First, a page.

Iktomi/Incinerator, aluminum plate lithography, chine colle, embossing (not seen in picture)
What is your favorite medium?

My favorite medium changes frequently to fit the way I am thinking at the time. Recently, this works the other way as well. I am attracted to some visceral quality inherent in a particular medium and that drives my ideas. That being said--as the years pile up, I find that etching feels like home. I always come back to it. Like visiting home after being away for a long time, etching makes me feel a mix of familiarity and unsettledness. When I return, etching is the same, but I have changed. However, I am being lured away more and more by the magical properties of lithography--especially traditional stone lithography. What could be better than drawing and scratching on a very old rock?

Your comments on the prints that were in the Abecedaria portfolio?

The work in the alphabet portfolio was exceptional. The prints were humbling, to say the least. What an exciting portfolio to be a part of! I made it a goal to use litho techniques and color palettes that I almost never use and, like any uncomfortable undertaking, I made mistakes and fought most of the way. In fact, I spent more time and swore more making these tiny prints than I did making huge etchings a couple months back. Oddly, the pieces I end up liking the most are the ones that I struggled (sometimes even hated) to make. Maybe I feel like the prints and I went through something together.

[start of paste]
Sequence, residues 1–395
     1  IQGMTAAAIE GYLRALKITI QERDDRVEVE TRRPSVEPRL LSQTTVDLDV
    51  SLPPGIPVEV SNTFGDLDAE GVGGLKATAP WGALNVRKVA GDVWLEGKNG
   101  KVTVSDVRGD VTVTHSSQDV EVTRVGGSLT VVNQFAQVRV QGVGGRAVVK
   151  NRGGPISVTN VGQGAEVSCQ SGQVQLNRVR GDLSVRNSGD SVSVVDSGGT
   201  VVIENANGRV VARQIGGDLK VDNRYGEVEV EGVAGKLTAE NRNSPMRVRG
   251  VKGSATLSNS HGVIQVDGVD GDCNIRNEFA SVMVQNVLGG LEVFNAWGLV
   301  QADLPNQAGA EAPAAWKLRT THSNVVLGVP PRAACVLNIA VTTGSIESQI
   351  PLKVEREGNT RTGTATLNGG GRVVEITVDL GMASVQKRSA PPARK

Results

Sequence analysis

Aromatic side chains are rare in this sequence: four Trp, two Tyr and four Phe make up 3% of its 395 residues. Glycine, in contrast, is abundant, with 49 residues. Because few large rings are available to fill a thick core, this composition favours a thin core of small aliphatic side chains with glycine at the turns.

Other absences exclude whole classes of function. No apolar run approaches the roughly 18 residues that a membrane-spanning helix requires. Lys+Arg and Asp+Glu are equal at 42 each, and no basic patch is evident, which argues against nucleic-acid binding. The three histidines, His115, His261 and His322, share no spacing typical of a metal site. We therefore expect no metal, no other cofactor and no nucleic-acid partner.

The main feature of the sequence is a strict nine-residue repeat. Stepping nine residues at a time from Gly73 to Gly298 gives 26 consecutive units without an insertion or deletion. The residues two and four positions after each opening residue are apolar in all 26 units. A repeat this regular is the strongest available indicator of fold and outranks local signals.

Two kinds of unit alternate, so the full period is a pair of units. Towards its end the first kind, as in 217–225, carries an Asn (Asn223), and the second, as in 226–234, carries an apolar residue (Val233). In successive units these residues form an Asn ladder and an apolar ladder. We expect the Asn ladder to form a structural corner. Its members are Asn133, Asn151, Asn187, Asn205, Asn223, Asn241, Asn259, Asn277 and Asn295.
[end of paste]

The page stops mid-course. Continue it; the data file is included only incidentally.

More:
Any bits of wisdom that you have learned over the years?

--Make the work you want to make and then worry about the "career" stuff. There are better ways to get rich. There is a word for someone who goes into artmaking as a way to get rich, and that work is "moron." Piles of money will make you happier if it comes on your own terms, without compromise.

--Have career goals, but don't take them too seriously. This is a sure recipe for depression. We all  spend more time in our studios than we do schmoozing or accepting awards. Fame and fortune are fleeting, nebulous and ultimately disappointing, but our studio/laboratory experience can be as fulfilling as we let it be. It's the wisest cliché of them all: live in the moment!

--Don't censor your work until you put it down on paper. Some ideas sound stupid or overdone, but become original or ironic when realized visually and vice versa--a brilliant idea may become dull and boring when put to paper.

--Learn everything. If you get a chance to learn anything, take it--even if it doesn't fit your "style."

--Never lower your prices to fit a certain demographic. People who bought your work in the past don't like to think that someone else is getting the same work for cheap.

--If you have to make a complicated contract with the gallery who handles your work, get another gallery.

--Never pay to show your work. Think very hard about entry fees and high commissions. How badly do you need that line on your resume? Never seem desperate--even if you are.

--Don't donate your work to museums for free. It ruins it for everyone. Again: how badly do you need that line on your resume?

--Use even the smallest group show or trade portfolio as motivation to make new work.

Well, that's surely something to think about. Thanks Curtis! I only posted pictures of the pieces that were included in the portfolio in this post. If you want to see more, you can find more information and images on Curtis' website of course. 

Thanks for reading, and thank you Curtis for sharing. In the next post, I'll share what all has been going in at my studio in the last months.